Assuming the peak of the disease is past us here in the Ohio Valley by the time June elections occur, courtesy and caution will require voters to continue their social distancing as they wait in line and engage with poll workers. By then the six-foot rule should be second nature to many voters, if it isn’t already. While the peak of infection may be past by then, prudence dictates that some measures continue for a while.
Another benefit of the four-week delay is that it gives candidates time to do their thing as they go door-to-door, attend meetings or buy advertising. The virtual lockdown the state is under at present pretty much prevents campaigning beyond setting out signs, assuming that can be done while many businesses are closed.
Just as voters need a safe polling place, they also need to get as much information as they can from candidates. The election delay thus serves two purposes in the public interest.
The Charleston Gazette-Mail on the 10th anniversary of a deadly mining accident:
April 5 marked the 10th anniversary of one of the worst mining disasters in modern history.
On April 5, 2010, an explosion at Massey Energy’s Upper Big Branch Mine in Montcoal claimed the lives of 29 miners. What might be forgotten in the intervening years is how long it took to recover and identify all the bodies and the frustration and anger from the community and miners’ families over how that recovery was first framed as a potential rescue.
The incident remains a stark reminder of the devastation that can occur when safety is secondary, corners are cut and profits are valued more than the people who do the work to generate that money for corporate interests.
Investigators found that Upper Big Branch was ripe for such a disaster. Miners were working without proper ventilation, allowing ignitable gases and dust to build up. Other safety hazards compounded the problem. It was a series of decisions that placed workers in an unsafe environment, in hindsight making it a question of when, not if, a major disaster would occur.
Recorded conversations of Massey executives painted a clear picture of a company trying to dodge regulations and enforcement, all to make sure the mine stayed open and the corporate gains kept coming.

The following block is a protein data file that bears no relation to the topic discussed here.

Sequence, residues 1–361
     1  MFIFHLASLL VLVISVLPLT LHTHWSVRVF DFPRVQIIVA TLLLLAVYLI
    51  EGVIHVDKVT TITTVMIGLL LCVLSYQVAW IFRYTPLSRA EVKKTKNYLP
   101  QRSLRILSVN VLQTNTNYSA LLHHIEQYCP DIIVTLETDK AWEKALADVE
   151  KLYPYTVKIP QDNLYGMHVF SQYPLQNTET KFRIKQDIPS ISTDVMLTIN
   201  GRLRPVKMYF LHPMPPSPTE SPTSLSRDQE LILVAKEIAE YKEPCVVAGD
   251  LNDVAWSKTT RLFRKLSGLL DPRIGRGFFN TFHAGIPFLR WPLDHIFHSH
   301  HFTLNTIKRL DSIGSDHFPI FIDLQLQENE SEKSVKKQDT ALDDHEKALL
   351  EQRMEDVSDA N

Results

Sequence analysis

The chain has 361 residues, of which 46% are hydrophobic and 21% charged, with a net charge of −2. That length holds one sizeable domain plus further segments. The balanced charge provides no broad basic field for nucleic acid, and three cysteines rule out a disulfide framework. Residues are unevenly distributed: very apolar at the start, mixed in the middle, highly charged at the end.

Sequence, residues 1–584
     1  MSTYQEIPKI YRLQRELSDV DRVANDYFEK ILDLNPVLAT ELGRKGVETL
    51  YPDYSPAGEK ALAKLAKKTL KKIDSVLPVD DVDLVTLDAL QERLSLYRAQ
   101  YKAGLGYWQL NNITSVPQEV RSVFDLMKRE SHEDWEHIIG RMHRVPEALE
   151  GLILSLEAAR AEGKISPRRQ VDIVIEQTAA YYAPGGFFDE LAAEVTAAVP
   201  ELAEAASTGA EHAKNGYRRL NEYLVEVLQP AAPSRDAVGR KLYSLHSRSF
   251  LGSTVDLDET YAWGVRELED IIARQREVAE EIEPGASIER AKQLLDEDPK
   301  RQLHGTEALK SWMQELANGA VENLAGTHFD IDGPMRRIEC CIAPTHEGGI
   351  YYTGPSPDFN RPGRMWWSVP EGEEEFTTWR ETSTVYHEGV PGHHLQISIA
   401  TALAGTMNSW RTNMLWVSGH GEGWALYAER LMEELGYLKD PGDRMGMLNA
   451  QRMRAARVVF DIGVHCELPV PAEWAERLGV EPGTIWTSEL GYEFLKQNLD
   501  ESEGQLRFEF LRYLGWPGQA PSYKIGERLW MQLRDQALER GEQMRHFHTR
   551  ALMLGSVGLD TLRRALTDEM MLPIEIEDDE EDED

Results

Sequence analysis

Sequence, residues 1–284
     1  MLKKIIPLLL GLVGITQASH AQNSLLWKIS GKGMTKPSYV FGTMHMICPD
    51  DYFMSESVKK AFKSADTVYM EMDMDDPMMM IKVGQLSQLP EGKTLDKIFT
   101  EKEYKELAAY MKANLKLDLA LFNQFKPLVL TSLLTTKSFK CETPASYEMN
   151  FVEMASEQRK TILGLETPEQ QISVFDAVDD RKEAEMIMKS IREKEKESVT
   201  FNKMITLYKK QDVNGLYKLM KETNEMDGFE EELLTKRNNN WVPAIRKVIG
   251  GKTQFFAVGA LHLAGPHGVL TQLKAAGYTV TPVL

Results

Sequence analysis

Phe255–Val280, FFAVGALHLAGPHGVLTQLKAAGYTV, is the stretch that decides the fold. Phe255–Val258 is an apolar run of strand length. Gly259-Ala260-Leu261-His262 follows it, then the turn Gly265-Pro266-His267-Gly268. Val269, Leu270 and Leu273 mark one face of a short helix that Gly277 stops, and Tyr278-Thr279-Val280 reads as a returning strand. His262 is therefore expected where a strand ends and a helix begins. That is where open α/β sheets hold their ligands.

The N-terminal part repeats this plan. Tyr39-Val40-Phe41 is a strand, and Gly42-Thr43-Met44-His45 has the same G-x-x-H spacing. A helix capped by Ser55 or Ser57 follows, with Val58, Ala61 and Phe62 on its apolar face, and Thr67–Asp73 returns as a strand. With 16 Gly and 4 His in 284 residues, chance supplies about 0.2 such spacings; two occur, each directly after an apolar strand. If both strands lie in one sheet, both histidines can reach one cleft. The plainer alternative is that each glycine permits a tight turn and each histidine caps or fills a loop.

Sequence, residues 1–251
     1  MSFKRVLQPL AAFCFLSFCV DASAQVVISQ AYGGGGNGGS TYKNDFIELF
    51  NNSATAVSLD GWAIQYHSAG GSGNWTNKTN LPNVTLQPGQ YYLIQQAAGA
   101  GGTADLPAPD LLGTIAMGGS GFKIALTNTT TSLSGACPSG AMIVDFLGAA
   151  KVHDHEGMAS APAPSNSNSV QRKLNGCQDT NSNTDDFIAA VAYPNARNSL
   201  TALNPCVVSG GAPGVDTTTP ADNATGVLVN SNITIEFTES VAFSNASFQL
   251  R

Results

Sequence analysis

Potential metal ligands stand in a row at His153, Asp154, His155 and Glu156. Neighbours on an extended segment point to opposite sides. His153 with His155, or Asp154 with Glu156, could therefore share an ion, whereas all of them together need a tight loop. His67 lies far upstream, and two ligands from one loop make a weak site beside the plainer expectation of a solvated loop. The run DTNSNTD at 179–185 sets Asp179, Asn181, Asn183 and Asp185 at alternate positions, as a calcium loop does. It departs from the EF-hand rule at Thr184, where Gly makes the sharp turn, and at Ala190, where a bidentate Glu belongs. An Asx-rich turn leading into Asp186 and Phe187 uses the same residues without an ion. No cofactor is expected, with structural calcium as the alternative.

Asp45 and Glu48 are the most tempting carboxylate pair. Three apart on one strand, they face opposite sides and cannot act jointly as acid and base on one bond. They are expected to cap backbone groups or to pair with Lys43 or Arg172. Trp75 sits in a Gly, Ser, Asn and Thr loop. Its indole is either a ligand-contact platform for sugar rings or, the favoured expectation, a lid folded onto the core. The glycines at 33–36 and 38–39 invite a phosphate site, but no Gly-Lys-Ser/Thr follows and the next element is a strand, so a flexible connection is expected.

The incident has remained in the news regularly over the past decade with ensuing investigations and criminal charges. More recent court maneuvering has overshadowed the true tragedy and those left to deal with the heartache of lost loved ones.
In 2015, former Massey Energy Co. CEO Don Blankenship was convicted by a jury on a misdemeanor charge of conspiracy to violate federal mine safety and health standards. He was acquitted of more serious felony charges. Those who lost family and friends in the explosion were furious.
Blankenship spent a year in prison, using the time and the tragedy to paint himself as a supposed victim of political conspiracies. He has, time and again, attempted to have the conviction tossed, even though he’s served the time. He even ran for the U.S. Senate. The most recent rejection of Blankenship’s efforts came in January.
While the rest of the world may have moved on, those with holes in their lives because of the explosion have to read reports of the man they hold responsible for the disaster pouring his vast resources into what amounts to a continuing public relations campaign.
Blankenship either didn’t learn anything of worth from the tragedy or is in such denial he must put forth the constant effort to make the case that it wasn’t his fault in any way.
Meanwhile, a 10th-year memorial to mark the actual tragedy of Upper Big Branch has been scratched because of the danger such a gathering would pose as the coronavirus runs rampant.
Those 29 lives — and the families, friends and communities affected by the explosion — shouldn’t be forgotten tomorrow. Nor should the lesson that, when the bottom line exceeds every other concern, ordinary people get hurt. Everyone should take a moment to reflect on that terrible day and the wound that still exists in Montcoal.
Take time to think of those who lost their lives just doing their jobs, and count your blessings.